Effectiveness of an early cognitive–behavioral treatment in patients with work disability due to musculoskeletal disorders

Authors


  • ISRCTN: 17984927.

Abstract

Objective

To evaluate whether an early cognitive–behavioral treatment complementary to a rheumatologic care program, for patients with recent-onset temporary work disability caused by musculoskeletal disorders (MSDs) is effective.

Methods

Patients with an MSD-related temporary work disability episode from 3–8 weeks' duration who were in a rheumatologic care program were randomized into a control group (rheumatologic care program) or an intervention group (rheumatologic care program plus cognitive–behavioral treatment). Enrollment lasted 24 months and followup lasted 6–24 months. Efficacy variables included duration of temporary work disability episodes, total number of work days saved, relative efficacy, and relative rate to return to work. An economic evaluation was also performed.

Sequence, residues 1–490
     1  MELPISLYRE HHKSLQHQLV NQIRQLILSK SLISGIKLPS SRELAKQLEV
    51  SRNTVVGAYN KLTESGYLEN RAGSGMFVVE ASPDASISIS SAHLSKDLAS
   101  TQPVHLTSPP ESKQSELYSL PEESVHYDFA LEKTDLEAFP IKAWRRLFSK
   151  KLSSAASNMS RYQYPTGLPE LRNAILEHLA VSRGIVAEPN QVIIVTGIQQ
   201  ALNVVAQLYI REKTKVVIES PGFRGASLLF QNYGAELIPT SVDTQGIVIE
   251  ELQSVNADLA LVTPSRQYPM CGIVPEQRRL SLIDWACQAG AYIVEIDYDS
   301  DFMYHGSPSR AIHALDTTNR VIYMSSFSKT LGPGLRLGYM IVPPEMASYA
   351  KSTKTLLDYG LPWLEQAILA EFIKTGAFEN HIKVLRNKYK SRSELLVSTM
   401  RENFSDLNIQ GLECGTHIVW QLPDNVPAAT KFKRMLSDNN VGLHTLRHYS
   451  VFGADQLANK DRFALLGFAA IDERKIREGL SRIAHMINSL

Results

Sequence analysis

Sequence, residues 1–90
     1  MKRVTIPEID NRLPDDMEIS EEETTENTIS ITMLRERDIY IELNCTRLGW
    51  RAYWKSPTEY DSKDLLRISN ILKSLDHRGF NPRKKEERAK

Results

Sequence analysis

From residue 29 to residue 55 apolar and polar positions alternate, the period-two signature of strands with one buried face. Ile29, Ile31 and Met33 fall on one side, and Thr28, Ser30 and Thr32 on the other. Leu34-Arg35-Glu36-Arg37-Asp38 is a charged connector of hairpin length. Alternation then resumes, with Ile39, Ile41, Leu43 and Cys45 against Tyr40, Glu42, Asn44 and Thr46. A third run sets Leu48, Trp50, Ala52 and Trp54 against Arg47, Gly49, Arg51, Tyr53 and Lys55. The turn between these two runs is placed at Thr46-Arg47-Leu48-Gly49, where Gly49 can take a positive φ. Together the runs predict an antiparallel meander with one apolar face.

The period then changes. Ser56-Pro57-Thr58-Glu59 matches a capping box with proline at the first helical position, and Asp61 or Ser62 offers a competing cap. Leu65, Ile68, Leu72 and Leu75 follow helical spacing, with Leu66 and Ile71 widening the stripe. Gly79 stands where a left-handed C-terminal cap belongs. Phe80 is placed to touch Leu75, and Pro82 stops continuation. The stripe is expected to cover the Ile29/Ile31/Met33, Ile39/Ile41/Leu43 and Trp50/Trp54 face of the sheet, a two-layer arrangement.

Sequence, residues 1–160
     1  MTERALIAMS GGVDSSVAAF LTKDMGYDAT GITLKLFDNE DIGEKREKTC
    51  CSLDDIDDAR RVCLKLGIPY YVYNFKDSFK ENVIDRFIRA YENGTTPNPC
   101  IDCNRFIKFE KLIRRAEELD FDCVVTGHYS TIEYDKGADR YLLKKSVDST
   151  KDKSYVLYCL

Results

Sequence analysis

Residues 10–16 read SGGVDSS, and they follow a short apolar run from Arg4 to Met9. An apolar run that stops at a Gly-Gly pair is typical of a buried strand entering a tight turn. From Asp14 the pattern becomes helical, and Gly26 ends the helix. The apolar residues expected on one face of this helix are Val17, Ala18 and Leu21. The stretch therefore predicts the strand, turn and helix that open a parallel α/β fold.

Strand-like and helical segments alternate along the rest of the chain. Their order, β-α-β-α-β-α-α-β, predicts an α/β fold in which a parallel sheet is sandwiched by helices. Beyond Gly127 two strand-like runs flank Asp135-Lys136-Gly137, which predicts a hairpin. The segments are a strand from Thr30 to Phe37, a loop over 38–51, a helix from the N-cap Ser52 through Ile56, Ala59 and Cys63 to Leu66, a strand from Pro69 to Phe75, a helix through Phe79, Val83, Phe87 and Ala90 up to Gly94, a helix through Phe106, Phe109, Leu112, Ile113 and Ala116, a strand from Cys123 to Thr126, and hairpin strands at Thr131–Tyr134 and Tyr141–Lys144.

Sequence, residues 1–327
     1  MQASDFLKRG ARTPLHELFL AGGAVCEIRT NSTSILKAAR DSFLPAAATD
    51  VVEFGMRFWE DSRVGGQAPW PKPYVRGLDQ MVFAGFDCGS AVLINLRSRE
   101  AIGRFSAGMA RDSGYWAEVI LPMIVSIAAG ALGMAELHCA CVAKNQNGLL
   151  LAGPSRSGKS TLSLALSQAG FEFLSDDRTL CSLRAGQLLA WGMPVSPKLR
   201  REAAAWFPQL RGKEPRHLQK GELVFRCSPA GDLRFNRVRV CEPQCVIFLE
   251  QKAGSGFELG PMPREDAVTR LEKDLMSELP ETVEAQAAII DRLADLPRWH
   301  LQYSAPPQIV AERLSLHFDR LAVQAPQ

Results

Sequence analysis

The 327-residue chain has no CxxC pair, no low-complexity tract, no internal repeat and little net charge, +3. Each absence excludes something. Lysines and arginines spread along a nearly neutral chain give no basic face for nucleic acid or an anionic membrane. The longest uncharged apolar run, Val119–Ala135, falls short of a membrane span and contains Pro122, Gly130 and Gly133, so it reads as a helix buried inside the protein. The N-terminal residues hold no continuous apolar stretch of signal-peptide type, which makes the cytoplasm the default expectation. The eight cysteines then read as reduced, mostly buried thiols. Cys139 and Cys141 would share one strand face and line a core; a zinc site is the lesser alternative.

Results

One hundred eighty-one patients were included (66 control and 115 intervention patients), generating 222 episodes of MSD-related temporary work disability. Episodes tended to be shorter in the intervention group than in the control group (mean 98 versus 127 days; P = 0.053), with a relative efficacy of 22.9%. There were no differences in duration of the first episode between groups (mean 105 versus 110 days; P = 0.79), but relapse episodes were significantly shorter in the intervention group (mean 63 days versus 197 days; P = 0.0002). Costs were also lower in the intervention group. To save 1 day of temporary work disability, $13.50 had to be invested in the program. Each dollar invested generated a benefit of $4.08. The program had a net benefit of $172,607.

Conclusion

Early cognitive–behavioral treatment complementary to a rheumatologic care program is cost-effective, adds >20% efficacy to the rheumatologic care program, and reduces the duration of relapses.

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